Clinical Assessment and Thickness Changes of the Oblique and Multifidus Muscles Using a Novel Screening Tool and Exercise Program: A Randomized Controlled Trial

in Journal of Sport Rehabilitation
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Context: Training and assessment of the abdominal and trunk muscles are widely used in the clinical setting. However, it is unknown what types of exercises are most effective in activation of both the global and local stabilizers in these regions. Objective: The purpose of this study was to establish the reliability of a novel clinical screening tool (sling screen) to assess the muscles of the abdomen and trunk. The second aim was to use the clinical screening tool and musculoskeletal ultrasound to compare the effects of a rotary-based exercise program that targets both the global and local muscles to the effects of a traditional exercise program on the activation of the abdominal and trunk muscles. Design: Double-blind, randomized controlled trial. Setting: Sports medicine facility. Participants and Interventions: Thirty-one healthy participants were randomly allocated to receive a single-session rotary-based or traditional “core” exercise program. Main Outcome Measures: The participants were assessed at the baseline and immediately postintervention. The primary outcome measures were muscle thickness examined by musculoskeletal ultrasound and clinical examination of muscle activation using a screening tool. The data were collected by blind assessors. Reliability and validity of a clinical screening tool (sling screen) were also assessed. Results: The analysis of the covariance tests showed a significant increase in oblique thickness for the rotary exercise group. All participants displayed a significant increase in multifidus thickness. The Wilcoxon signed-rank tests revealed a significant increase in clinical assessment scores in the rotary exercise group but not the traditional exercise group. Reliability of the sling screen ranged from moderate to good. Conclusion: This clinical trial provides evidence that a rotary-based exercise program may be more effective in producing increases in oblique muscle thickness than traditional “core” exercises in young, healthy adults. The sling screen tool was able to identify these muscle thickness changes. Future studies should investigate how these results correlate to injury risk, other populations, and also how to implement the sling screen into clinical practice.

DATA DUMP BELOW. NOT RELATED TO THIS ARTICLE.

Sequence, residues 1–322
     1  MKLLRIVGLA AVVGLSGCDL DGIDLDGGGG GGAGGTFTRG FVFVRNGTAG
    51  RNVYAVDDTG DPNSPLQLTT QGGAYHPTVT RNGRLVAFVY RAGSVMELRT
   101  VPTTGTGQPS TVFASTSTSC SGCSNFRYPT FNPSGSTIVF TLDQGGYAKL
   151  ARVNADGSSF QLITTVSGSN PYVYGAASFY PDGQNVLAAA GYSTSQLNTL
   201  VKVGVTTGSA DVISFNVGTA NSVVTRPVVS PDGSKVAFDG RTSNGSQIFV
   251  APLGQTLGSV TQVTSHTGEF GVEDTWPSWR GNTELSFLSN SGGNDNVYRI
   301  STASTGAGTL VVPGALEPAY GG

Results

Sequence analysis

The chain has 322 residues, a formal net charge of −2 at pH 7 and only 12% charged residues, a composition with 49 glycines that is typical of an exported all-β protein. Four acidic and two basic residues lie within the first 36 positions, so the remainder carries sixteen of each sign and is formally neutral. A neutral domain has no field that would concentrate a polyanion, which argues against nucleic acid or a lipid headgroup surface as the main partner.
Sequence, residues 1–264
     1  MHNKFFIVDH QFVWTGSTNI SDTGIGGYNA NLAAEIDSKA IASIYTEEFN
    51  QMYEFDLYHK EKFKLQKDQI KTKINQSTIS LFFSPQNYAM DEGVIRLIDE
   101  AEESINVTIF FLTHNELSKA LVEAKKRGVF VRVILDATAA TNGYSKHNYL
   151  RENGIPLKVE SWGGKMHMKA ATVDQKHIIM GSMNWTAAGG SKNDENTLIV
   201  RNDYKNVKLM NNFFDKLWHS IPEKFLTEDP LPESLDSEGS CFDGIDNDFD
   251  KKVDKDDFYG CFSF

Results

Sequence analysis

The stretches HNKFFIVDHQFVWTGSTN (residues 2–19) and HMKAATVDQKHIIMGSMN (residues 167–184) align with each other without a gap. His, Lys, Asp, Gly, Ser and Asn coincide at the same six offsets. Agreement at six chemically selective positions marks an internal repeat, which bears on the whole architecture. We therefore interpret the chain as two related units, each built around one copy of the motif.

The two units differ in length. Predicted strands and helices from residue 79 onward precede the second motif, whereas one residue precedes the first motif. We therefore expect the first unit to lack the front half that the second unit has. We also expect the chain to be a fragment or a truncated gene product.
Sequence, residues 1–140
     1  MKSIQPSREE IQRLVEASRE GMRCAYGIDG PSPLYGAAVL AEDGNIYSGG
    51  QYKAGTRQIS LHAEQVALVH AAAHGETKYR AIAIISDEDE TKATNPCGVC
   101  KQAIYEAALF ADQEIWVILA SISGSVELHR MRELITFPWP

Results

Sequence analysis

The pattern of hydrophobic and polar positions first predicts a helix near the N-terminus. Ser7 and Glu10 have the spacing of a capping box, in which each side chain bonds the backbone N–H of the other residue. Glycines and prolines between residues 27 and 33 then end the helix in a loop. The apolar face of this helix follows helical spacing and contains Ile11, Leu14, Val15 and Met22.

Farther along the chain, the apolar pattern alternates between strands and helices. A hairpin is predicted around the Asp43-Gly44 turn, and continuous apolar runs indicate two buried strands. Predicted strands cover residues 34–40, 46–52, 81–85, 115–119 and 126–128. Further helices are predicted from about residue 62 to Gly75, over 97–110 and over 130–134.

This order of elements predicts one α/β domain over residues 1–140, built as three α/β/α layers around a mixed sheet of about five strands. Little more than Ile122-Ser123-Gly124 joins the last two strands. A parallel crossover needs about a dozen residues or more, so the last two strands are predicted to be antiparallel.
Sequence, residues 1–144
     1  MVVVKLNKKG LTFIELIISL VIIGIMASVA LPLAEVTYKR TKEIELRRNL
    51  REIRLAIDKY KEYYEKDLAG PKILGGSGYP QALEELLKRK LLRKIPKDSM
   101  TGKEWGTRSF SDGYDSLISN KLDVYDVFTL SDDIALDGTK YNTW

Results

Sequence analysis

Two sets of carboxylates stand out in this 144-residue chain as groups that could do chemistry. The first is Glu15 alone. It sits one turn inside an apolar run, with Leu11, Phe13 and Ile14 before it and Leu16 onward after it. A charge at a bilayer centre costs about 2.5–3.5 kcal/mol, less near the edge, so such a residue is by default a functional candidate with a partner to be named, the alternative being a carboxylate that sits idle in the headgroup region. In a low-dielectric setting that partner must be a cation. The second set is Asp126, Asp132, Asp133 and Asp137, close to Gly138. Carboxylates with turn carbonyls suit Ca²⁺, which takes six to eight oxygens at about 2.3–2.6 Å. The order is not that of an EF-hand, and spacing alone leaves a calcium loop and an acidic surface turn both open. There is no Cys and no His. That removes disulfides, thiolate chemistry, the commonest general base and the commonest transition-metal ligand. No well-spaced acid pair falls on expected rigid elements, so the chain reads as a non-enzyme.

Catania and Ross are with the ChristianaCare, Newark, DE, USA. Sandella is with the ChristianaCare, Wilmington, DE, USA. Bley is with the Delaware Orthopaedic Specialists, Wilmington, DE, USA. DiTrani Lobacz is with the Department of Athletic Training, Neumann University, Aston, PA, USA.

Catania (bcatania@christianacare.org) is corresponding author.
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